Mon, Feb 23, 2004 - Page 2 News List

`Baby bust' kills system

HARD TIMES Taiwan's education system is facing a host of problems, among them a number of teachers becoming unemployed due to the falling birth rate

By Jewel Huang  /  STAFF REPORTER

A sociology professor yesterday warned that the plummeting population of school-age children will vastly impact the nation's national education system in the near future, causing a large number of teachers to become unemployed and an unbalanced distribution of educational resources.

James Hsueh (薛承泰), a sociology professor at the National Taiwan University, yesterday sounded the warning in a speech delivered at a conference held by the Ministry of Education to discuss how to deal with the impact of the decreasing population of school-age children on the education system.

Hsueh said that a decreasing birthrate has become a more conspicuous trend in Taiwan and said that problems caused by the "baby bust" have gradually emerged in the education system.

According to his survey, Hsueh said, students who were born in 1985 and in 1986 are going to enroll in colleges this fall. However, the numbers of freshmen will represent a decrease of 18,000 compared with the numbers last fall, because of a decline in births that year.

Meanwhile, the number of schoolchildren who enrolled last fall showcased a more serious problem, Hsueh said.

"The numbers of the new elementary school students last fall was the lowest in the past four decades, or fewer than 300,000 students nationwide," Hsueh said.

He pointed out that the colleges and universities that mushroomed in the higher education market over the past decade would face closure and consequently many professors would lose their jobs because of the diminishing enrollment figures. The same nightmare will happen to teachers at primary and secondary schools, who will have huge difficulties finding a teaching position in the near future, Hsueh said.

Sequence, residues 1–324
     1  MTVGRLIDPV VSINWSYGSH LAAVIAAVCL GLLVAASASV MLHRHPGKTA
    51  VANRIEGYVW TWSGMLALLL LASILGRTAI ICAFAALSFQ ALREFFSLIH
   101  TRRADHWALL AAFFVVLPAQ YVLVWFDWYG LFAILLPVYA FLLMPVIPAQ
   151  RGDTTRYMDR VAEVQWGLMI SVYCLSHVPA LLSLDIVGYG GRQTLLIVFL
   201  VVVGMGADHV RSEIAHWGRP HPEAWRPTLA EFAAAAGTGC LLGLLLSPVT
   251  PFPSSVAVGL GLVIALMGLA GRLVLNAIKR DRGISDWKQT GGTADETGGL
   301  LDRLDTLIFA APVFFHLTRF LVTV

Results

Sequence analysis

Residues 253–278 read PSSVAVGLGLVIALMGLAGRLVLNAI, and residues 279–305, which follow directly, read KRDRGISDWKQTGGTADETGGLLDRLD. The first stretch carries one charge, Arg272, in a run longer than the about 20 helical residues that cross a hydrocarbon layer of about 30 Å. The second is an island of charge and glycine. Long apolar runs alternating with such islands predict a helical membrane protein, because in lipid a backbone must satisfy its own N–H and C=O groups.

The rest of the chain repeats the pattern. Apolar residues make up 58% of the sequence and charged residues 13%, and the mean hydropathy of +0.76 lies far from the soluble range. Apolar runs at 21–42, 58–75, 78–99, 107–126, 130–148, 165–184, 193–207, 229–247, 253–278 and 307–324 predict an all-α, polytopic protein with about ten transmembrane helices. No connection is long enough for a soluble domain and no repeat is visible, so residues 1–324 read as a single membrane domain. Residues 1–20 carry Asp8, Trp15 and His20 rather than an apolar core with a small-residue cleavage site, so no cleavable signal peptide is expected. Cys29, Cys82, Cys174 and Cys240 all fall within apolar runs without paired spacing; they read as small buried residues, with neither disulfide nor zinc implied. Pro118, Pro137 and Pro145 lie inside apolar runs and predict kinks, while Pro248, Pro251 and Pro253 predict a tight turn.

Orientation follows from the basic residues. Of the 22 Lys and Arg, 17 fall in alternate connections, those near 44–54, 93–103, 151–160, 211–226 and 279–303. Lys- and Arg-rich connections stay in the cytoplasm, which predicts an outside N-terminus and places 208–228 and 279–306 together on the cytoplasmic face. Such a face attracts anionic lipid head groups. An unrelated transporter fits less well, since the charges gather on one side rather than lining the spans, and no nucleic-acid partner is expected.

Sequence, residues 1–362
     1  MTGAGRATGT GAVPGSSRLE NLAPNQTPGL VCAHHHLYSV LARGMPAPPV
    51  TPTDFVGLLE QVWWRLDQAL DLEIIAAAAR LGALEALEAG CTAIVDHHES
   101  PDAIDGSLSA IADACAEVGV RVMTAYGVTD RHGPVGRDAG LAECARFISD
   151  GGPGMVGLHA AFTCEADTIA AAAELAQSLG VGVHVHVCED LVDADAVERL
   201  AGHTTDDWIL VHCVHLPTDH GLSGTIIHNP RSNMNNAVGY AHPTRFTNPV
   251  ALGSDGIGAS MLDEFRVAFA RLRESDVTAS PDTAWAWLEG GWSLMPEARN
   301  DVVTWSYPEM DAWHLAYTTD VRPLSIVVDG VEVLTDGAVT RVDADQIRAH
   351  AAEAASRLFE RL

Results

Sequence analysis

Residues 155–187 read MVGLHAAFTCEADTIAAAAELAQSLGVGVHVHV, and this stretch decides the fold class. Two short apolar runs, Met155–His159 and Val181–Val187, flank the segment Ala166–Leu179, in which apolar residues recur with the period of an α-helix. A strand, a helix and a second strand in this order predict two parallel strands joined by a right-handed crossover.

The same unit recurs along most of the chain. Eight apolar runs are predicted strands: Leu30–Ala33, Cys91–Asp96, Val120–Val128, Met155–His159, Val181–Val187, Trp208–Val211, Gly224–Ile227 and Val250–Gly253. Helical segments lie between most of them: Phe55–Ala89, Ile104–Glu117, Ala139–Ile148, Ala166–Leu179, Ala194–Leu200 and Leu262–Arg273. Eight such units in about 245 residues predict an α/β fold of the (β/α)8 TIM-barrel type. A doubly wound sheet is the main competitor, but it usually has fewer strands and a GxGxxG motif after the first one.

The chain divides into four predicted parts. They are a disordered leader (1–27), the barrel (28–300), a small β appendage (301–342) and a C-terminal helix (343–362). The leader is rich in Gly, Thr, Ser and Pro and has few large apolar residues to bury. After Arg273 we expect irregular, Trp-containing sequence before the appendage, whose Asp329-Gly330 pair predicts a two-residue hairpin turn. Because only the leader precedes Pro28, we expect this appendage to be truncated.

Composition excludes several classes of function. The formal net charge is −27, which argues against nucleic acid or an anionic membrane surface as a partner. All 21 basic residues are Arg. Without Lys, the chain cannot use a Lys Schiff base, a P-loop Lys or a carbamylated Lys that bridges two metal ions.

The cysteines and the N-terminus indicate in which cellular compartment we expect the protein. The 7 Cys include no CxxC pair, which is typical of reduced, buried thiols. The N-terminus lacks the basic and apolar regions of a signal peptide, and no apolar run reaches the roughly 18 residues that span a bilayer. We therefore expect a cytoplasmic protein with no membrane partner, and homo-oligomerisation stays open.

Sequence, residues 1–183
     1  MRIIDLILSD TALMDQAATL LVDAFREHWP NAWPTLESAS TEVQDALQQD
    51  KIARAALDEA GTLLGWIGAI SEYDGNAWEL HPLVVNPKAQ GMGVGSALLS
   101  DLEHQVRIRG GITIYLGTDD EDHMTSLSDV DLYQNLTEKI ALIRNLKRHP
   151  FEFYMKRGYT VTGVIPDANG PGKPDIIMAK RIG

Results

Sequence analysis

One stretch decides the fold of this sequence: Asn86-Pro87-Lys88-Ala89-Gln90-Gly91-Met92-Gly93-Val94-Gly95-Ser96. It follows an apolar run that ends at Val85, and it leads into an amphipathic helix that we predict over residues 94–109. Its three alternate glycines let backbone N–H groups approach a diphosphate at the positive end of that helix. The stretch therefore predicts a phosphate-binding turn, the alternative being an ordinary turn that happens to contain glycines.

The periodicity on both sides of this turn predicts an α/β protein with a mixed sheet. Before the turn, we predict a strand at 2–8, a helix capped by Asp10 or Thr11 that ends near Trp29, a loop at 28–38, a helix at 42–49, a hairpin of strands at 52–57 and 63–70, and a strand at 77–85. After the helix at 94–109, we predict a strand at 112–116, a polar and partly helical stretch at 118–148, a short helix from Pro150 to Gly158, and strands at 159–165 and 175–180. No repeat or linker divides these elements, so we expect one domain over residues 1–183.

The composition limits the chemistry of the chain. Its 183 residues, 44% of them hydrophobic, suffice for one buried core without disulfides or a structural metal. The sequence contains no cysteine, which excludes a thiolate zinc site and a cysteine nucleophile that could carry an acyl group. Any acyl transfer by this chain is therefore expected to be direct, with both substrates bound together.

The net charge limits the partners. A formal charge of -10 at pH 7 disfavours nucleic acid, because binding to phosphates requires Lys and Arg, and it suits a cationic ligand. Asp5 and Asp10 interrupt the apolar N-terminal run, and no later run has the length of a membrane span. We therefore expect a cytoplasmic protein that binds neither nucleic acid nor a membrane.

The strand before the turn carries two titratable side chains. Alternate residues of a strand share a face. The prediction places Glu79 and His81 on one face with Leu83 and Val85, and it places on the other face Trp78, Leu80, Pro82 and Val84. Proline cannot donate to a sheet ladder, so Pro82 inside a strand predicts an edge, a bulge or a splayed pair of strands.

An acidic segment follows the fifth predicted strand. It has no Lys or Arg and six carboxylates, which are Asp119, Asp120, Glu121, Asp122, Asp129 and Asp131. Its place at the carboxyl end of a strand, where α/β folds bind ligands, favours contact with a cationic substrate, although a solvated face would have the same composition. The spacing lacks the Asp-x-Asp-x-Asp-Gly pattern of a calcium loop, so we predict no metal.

"The age of the population explosion is over in Taiwan," Hsueh said.

"In terms of rate, Taiwan has surpassed many Western countries both in falling birth rates and the growing number of senior citizens," he said.

He said that it will not be a temporary phenomenon but would become even worse. Based on his estimation, by 2020 the number of children at school will be only half it is now, or a mere 150,000.

On the other hand, because of increasingly competitive pressure at school, parents will definitely invest more and more money in their single child's education, Hsueh said.

"But judging from the educational system and the economical structure, the low birth rate would lead to a situation where parents who are of inferior economic capability would not be able to afford expensive tuition and educational resources," he said.

Hsueh said that the rich will thus have more opportunities to succeed while the poor could not, especially as the poverty gap is widening in Taiwan.

"The ministry neglected to acknowledge the vast change in Taiwan's population structure when implementing educational reform," Hsueh said.

"The demographic data is supposed to be an important reference in the next stage of educational reform," he said.

Minister of Education Huang Jong-tsun (黃榮村) said that the ministry has been watching the impact of the "baby bust" trend and will carry out its plan to have small class sizes with a national budget of about NT$157 billion in two years.

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